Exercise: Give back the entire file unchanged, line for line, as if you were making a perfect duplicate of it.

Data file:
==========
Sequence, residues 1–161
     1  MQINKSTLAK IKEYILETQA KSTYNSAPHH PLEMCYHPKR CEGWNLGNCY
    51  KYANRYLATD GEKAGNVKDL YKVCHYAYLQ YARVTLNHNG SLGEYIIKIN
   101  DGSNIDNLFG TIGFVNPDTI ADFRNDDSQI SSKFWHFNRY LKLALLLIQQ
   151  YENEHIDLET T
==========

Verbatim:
Sequence, residues 1–161
     1  MQINKSTLAK IKEYILETQA KSTYNSAPHH PLEMCYHPKR CEGWNLGNCY
    51  KYANRYLATD GEKAGNVKDL YKVCHYAYLQ YARVTLNHNG SLGEYIIKIN
   101  DGSNIDNLFG TIGFVNPDTI ADFRNDDSQI SSKFWHFNRY LKLALLLIQQ
   151  YENEHIDLET T